Find out what's really going on in your opponent's head.
This story first appeared in the May 2006 issue of Entrepreneur. To receive the magazine, click here to subscribe.
Negotiating is like playing stud poker. It's the cards you can't see that really drive the betting. Want to know what your opponent is thinking? Try these tactics:
- Make conversation. Use open-ended queries to get the other side talking-questions that begin with who, what, where, when, how or why. Avoid questions that can be answered with a terse yes or no. Do this while your opponent is off guard, before you start negotiating in earnest. Listen carefully. Use the power of silence to make them feel awkward and even chattier.
- Ask the same question twice. Are you picking up inconsistencies? A classic move is to ask questions to which you already know the answers. You'll learn more from the wrong answers than the right ones. Make a deliberate mistake repeating back some information. If the other side doesn't catch it, you know something's up. If you really need to put someone in check, consider springing a blunt, direct question. Listen to what they say, but remember: It's their body language and tone that will give them away.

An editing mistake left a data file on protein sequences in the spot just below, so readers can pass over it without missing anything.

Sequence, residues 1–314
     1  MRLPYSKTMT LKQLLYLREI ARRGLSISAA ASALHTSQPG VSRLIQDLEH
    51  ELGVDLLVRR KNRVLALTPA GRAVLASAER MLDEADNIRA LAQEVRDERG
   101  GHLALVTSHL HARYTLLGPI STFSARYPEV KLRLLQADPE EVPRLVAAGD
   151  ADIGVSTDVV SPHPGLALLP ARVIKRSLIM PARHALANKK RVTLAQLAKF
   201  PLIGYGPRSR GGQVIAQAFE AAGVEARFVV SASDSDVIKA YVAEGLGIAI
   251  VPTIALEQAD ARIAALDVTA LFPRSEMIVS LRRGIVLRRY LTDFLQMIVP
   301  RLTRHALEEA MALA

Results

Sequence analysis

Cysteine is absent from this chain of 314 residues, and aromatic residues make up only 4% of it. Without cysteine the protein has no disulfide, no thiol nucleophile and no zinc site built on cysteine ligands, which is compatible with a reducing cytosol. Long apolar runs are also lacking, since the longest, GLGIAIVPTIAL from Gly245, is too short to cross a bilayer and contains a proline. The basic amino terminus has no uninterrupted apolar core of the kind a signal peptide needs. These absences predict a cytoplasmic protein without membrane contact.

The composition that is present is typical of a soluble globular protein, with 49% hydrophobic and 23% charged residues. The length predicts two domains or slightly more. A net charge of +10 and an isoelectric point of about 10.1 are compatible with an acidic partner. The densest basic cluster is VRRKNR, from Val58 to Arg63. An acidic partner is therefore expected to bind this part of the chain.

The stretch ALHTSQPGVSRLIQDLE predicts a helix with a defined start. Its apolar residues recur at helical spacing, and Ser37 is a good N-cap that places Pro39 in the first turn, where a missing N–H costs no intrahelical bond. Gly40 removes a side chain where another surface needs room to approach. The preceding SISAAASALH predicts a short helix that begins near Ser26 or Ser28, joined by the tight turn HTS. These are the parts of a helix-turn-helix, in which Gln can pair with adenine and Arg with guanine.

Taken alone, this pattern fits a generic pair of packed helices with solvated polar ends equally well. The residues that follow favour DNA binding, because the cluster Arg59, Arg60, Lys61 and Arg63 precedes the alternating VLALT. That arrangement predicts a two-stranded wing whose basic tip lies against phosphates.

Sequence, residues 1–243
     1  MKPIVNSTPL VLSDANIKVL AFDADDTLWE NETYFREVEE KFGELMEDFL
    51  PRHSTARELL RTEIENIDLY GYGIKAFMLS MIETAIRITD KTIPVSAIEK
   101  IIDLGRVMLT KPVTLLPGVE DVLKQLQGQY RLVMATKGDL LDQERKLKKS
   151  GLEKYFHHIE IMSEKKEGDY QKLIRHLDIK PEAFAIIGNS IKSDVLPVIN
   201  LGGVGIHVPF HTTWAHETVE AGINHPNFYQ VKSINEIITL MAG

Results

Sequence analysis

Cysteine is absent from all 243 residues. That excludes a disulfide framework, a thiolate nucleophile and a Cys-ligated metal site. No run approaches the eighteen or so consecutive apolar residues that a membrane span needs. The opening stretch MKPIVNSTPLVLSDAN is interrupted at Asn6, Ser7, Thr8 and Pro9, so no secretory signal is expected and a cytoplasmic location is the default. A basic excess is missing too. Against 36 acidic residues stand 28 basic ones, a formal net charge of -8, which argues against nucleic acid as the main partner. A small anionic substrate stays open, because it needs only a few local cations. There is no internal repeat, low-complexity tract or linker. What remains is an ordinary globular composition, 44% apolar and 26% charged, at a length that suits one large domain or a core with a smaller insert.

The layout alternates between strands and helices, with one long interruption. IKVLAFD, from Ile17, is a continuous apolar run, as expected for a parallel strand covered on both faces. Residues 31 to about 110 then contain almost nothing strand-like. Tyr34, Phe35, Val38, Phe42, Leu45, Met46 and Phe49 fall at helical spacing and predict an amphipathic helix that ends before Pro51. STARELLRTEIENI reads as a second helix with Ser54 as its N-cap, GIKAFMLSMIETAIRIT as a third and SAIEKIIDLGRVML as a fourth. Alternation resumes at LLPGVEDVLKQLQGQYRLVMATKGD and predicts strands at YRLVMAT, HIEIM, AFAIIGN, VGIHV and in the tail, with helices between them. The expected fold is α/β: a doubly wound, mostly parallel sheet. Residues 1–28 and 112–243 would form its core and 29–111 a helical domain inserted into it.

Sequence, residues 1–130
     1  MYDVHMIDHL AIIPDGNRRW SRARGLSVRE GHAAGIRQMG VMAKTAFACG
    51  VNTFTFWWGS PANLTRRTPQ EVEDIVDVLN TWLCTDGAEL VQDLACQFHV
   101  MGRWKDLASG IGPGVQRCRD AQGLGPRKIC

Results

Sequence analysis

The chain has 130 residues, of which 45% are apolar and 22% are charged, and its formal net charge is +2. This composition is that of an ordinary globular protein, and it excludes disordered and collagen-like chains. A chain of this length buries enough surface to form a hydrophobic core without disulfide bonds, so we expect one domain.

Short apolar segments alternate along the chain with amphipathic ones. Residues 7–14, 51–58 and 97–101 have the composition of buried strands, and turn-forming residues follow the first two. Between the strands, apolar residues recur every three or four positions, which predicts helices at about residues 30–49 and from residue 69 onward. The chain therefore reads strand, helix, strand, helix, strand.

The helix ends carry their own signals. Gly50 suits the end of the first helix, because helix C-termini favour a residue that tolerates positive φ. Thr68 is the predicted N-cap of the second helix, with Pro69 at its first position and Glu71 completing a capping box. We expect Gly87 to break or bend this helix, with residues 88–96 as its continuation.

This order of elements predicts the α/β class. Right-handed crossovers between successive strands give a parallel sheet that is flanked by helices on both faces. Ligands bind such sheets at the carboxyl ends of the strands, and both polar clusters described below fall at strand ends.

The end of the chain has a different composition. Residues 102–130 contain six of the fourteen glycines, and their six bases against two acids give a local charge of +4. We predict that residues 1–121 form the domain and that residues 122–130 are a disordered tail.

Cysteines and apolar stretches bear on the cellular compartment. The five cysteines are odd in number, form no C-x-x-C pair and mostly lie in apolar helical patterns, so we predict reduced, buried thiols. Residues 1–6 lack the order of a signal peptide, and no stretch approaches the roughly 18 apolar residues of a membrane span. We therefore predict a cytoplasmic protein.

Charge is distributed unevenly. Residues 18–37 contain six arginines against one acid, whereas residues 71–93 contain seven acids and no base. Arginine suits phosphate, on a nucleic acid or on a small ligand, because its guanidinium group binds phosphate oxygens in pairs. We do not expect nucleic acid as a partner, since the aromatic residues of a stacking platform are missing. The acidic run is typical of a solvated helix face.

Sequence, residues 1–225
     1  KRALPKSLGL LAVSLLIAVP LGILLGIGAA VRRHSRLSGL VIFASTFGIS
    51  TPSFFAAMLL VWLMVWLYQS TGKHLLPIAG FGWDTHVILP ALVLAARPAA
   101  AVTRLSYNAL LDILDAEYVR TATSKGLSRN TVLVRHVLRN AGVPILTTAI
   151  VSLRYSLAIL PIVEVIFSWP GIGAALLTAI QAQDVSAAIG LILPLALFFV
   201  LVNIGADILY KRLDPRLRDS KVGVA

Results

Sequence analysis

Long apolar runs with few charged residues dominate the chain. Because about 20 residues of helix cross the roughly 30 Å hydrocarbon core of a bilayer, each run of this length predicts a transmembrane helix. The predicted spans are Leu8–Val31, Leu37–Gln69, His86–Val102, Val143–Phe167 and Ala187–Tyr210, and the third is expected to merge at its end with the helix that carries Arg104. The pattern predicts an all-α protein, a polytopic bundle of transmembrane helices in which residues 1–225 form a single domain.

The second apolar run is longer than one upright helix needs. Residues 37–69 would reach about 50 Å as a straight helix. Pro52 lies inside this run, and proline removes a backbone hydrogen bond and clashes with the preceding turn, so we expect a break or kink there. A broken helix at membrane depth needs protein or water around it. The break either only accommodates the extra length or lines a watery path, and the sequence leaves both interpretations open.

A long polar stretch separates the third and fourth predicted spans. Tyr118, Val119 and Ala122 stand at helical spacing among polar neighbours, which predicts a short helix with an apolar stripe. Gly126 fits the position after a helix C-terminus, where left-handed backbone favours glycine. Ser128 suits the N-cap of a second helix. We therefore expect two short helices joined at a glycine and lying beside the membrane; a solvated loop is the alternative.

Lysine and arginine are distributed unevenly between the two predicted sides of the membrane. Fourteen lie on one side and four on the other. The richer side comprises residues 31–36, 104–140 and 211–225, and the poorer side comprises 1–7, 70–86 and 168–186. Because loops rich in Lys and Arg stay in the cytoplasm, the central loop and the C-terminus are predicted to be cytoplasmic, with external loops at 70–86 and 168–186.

- Listen to the pros. Experienced professionals are usually very skilled at discerning hidden agendas. Savvy agents, bankers, brokers, CPAs and attorneys already know the many ways you can be snaked. When they say something doesn't smell right, pay attention, and act accordingly.
A speaker and attorney in Los Angeles, Marc Diener is author of Deal Power.
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